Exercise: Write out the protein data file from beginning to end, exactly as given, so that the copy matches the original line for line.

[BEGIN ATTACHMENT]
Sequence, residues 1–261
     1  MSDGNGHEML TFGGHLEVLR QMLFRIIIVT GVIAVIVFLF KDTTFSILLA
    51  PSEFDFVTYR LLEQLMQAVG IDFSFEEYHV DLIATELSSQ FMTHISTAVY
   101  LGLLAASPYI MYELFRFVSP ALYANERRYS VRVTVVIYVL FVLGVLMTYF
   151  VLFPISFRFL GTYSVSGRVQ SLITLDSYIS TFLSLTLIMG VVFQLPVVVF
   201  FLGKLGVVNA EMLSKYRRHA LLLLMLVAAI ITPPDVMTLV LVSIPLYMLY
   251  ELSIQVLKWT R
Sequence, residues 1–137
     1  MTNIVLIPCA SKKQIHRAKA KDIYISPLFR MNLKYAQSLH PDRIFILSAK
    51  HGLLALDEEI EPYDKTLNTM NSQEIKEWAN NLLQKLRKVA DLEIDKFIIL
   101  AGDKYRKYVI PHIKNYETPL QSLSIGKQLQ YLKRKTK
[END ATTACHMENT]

Sequence, residues 1–261
     1  MSDGNGHEML TFGGHLEVLR QMLFRIIIVT GVIAVIVFLF KDTTFSILLA
    51  PSEFDFVTYR LLEQLMQAVG IDFSFEEYHV DLIATELSSQ FMTHISTAVY
   101  LGLLAASPYI MYELFRFVSP ALYANERRYS VRVTVVIYVL FVLGVLMTYF
   151  VLFPISFRFL GTYSVSGRVQ SLITLDSYIS TFLSLTLIMG VVFQLPVVVF
   201  FLGKLGVVNA EMLSKYRRHA LLLLMLVAAI ITPPDVMTLV LVSIPLYMLY
   251  ELSIQVLKWT R
Sequence, residues 1–137
     1  MTNIVLIPCA SKKQIHRAKA KDIYISPLFR MNLKYAQSLH PDRIFILSAK
    51  HGLLALDEEI EPYDKTLNTM NSQEIKEWAN NLLQKLRKVA DLEIDKFIIL
   101  AGDKYRKYVI PHIKNYETPL QSLSIGKQLQ YLKRKTK